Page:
NEW YORK — For Dr. Christopher Emdin, watching his former student, Edmund Adjapong, receive his doctoral hood from Teachers College in a ceremony Wednesday was one of the most rewarding moments of his life. The two men share a love of science, teaching and finding innovative ways to engage students of color by using hip-hop and urban culture to forge a connection to the subject matter.
Dr. Christopher Emdin (left), Dr. Edmund Adjapong (center) and Dr. Khalil Gibran Muhammad, who received the Medal for Distinguished Service, celebrate on Wednesday.
Currently, a sixth-grade science teacher in the same Bronx, New York neighborhood where he grew up, Adjapong had an early love for science, but negative and dismissive behavior from a middle school science teacher made him push it out of his consciousness. As he detailed in his doctoral dissertation, “Bridging Theory and Practice: Using Hip-Hop Pedagogy as a Culturally Relevant Approach in the Urban Science Classroom,” being in Emdin’s science class in ninth grade reconnected him to the subject.
“He [Emdin] brought science alive for me utilizing hip-hop concepts and bringing hip-hop culture within the classroom,” Adjapong said. “I got to see myself as a scientist, really become engaged and gain the confidence that I could pursue a career in science.”
Emdin transformed abstract concepts into material the students embraced by using creative approaches and showing his students intellectual respect. Adjapong saw himself in the subject matter. It was a class where he and his classmates could be themselves and engage with each other as part of the learning process.
Now an associate professor of science education at Teachers College, Columbia University, Emdin spent a decade teaching in New York City public schools. He experimented with his teaching techniques, initially not knowing how it would impact his students.
Clearly, his concepts worked and Adjapong’s interest in pursuing science in college was cemented. Originally intending to earn a degree in pharmacy, Adjapong switched in his junior year of college and decided to become a teacher.
“I wanted to change the experiences of people just like me in my community and encourage them that they can become scientists and they can engage in science if they so choose,” said Adjapong.
In his classes, Adjapong looks at the five elements of hip-hop: deejaying, emceeing, break dancing, graffiti/visual arts and knowledge of self, noting that students engage in these elements consciously and subconsciously outside of school. He connects these elements to teaching practices, and uses that to connect his students to science.
“The students also curate playlists that we play during independent and group work activities,” he noted. “Students do a lot of visual graffiti art pieces that demonstrate their understanding of science concepts. I’m trying to figure out how to engage students more using technology in the classroom.”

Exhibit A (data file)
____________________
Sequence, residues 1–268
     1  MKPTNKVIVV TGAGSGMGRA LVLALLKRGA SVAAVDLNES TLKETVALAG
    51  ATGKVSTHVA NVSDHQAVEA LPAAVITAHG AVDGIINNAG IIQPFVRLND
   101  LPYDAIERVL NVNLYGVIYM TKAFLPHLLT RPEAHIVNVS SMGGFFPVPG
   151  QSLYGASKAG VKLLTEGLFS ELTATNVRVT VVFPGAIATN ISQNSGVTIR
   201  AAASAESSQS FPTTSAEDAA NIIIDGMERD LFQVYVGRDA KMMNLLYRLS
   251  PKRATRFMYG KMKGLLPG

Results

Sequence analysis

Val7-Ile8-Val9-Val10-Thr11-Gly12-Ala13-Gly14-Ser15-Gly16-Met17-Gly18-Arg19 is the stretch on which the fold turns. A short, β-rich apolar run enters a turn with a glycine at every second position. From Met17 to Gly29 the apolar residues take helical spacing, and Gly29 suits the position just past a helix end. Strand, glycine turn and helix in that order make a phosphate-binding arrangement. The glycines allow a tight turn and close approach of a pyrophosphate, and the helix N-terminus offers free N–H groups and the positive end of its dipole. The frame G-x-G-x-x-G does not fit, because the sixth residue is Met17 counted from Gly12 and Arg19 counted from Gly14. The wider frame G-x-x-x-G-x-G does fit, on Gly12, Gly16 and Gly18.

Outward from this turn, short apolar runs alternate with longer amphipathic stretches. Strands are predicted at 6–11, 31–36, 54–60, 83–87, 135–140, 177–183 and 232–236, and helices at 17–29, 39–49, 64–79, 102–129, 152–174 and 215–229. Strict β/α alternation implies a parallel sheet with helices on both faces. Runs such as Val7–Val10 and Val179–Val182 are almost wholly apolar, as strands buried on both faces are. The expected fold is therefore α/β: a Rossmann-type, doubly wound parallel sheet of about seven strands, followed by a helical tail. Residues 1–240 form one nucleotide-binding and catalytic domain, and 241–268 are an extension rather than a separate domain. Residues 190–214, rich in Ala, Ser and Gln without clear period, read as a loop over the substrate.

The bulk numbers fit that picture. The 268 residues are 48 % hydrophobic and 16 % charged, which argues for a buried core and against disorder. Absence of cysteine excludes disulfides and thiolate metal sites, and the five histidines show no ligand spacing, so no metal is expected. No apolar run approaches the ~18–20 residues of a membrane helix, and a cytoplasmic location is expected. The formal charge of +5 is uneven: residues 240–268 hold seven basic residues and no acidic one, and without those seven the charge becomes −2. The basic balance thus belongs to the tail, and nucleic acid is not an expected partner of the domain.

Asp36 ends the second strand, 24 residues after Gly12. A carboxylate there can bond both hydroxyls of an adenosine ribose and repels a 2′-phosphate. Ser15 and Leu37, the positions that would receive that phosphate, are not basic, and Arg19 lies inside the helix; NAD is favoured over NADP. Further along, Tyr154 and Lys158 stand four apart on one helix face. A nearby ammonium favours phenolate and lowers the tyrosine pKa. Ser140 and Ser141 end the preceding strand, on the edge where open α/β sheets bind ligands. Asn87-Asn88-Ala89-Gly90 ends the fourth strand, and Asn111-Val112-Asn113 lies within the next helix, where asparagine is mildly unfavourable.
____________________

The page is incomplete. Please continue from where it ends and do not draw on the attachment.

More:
Emdin said his story and Adjapong’s are aligned and probably similar to those of many other people of color, some of whose love of science went unfulfilled.
“I developed [the hip-hop pedagogy] by going into the classroom, teaching math and science, seeing young people disengaged, bored, disinterested, with an absence of passion, and then looking outside my classroom window in the Bronx and seeing young people excited, motivated, supporting each other,” said Emdin. “I wondered why I couldn’t see the same type of passion I saw on the street corner inside the classroom. … I decided I was going to be the person who was going to do it.”
Both Adjapong and Emdin worked full-time as teachers while pursuing their doctorates, which Emdin said is part of being role models. They demonstrated you can be advocates, activists, scientists, educators and students all at once.
“The art of hip-hop means that we hustle, we grind, we put hard work into all that we do and we re-imagine what it can look like,” said Emdin. “You can do all those things concurrently and excellently because they’re all connected.”
Now that Adjapong, who attended Teachers College on the Peter Greeman Scholarship, has received his doctor of science education, he wants to continue his research and figure out ways that students of color can be supported in urban spaces. Just like his mentor, he wants to work in the area of teacher preparation, making sure that teachers are effectively prepared to teach diverse populations. He also wants to make sure that hip-hop is validated in educational spaces and the pedagogy transferred across subjects.
Emdin said that people such as himself and Adjapong must be visible and accessible examples of what is possible. Both are active on social media. For six years they’ve been part of a Twitter chat where participants discuss the intersection of hip-hop and education.
Emdin co-founded Science Genius B.A.T.T.L.E.S (Bringing Attention to Transforming, Teaching and Learning Science) with hip-hip icon GZA. Students are challenged to create science themed raps and participate in a competition judged by rappers and scientists. It began with New York City school kids and has expanded nationally and internationally. Adjapong serves as the project’s director.
“Science Genius is an opportunity for this to not be one thing that happens in one classroom, but rather a larger thing that can happen to as many young people as possible,” said Emdin. “It allows us to expand the reach of the philosophy around the work that we do.
“Edmund has taken Science Genius and run with it,” he added. “It may have been my brain child in theory, but as far as the execution of Science Genius, the communication with young people every day, the structural organization, it has become his project. It’s something that we own together.”
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